Yenok Manougian’s first memory of the Genocide is of his mother’s tears as their house burned. That was in April 1915.
Soon after that, lead by Turkish gendarmes, his entire village, including his family, were formed into a caravan and deported. During the march, he remembers Turks and Kurds shooting at them from behind boulders, high on a ridge above them. They reached a town near the eastern border and rumors started to spread that the Russian army was nearby. The Turks fled and their entire village was liberated by the advancing Russian army and the Armenian volunteer army among whom was his uncle. That reunion was one of the happiest in his life.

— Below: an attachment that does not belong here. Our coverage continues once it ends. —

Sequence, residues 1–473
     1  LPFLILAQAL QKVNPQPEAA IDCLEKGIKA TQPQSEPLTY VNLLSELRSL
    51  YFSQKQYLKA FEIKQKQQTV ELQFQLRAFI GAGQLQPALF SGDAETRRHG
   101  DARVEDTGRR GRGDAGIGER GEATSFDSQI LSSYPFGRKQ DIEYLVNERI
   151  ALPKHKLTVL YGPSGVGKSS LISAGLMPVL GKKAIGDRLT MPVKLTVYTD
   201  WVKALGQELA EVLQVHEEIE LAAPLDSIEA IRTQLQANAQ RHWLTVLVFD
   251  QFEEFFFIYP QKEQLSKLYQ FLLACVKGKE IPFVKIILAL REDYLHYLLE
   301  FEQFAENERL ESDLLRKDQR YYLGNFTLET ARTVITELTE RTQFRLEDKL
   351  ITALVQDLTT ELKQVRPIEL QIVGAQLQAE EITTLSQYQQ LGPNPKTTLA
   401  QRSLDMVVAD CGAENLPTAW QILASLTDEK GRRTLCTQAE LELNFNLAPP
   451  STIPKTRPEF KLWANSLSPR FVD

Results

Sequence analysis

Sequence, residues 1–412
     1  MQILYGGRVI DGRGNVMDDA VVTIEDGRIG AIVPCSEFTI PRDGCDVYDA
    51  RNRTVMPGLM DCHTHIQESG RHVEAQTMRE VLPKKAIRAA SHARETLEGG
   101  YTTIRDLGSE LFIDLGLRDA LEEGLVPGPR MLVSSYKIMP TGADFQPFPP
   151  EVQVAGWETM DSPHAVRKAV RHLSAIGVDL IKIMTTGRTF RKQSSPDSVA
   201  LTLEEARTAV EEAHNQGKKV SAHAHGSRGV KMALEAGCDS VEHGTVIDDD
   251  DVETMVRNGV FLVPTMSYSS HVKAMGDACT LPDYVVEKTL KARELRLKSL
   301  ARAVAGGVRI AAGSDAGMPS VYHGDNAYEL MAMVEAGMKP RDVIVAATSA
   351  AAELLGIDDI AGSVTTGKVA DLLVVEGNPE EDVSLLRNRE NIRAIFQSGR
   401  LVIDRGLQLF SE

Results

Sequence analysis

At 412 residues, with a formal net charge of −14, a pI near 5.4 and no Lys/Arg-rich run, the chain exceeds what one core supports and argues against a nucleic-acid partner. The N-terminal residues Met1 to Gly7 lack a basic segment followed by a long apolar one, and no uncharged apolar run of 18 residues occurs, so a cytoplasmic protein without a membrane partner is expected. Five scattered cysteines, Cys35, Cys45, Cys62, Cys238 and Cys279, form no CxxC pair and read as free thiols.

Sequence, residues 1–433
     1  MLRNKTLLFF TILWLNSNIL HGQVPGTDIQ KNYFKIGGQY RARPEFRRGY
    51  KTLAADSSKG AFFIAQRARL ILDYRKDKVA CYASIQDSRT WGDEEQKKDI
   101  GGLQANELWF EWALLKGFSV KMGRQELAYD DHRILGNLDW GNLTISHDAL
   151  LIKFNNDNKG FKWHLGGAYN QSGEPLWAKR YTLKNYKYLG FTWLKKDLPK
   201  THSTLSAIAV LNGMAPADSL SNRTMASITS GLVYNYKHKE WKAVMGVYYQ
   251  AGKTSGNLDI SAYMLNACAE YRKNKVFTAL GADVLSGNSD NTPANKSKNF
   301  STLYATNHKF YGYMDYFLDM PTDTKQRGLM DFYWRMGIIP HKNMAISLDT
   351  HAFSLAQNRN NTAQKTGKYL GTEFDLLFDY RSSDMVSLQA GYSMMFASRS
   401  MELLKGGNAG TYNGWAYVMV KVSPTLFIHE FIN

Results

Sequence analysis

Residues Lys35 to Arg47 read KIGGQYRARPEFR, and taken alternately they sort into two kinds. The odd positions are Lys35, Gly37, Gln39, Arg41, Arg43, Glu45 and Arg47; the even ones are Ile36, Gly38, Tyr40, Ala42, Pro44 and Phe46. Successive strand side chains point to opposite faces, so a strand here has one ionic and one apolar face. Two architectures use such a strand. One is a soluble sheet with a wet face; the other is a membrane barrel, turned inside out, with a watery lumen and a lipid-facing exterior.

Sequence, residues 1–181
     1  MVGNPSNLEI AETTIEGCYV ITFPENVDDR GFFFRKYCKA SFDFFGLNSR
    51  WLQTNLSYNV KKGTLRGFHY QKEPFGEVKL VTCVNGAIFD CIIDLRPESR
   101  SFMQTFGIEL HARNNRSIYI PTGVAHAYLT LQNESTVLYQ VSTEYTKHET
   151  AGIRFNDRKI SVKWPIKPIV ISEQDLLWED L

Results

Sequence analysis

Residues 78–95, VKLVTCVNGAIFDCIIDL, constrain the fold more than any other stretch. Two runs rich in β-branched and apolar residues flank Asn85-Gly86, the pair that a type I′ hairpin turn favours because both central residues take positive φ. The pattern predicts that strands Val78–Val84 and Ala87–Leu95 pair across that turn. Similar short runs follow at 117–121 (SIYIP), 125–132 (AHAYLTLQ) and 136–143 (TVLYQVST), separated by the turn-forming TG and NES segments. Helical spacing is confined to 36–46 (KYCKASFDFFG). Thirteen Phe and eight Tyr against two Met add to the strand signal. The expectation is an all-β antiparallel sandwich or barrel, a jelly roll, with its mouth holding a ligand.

Unable to return to Tek-Akhlat they continued eastward: to Igdir, where they slept under trees, and, then to Etchmiadzin where their lives were under the constant threat of typhus and cholera.
He remembers bodies being carted away, 50-60 at a time. And he remembers his mother’s use of garlic to ward off sickness.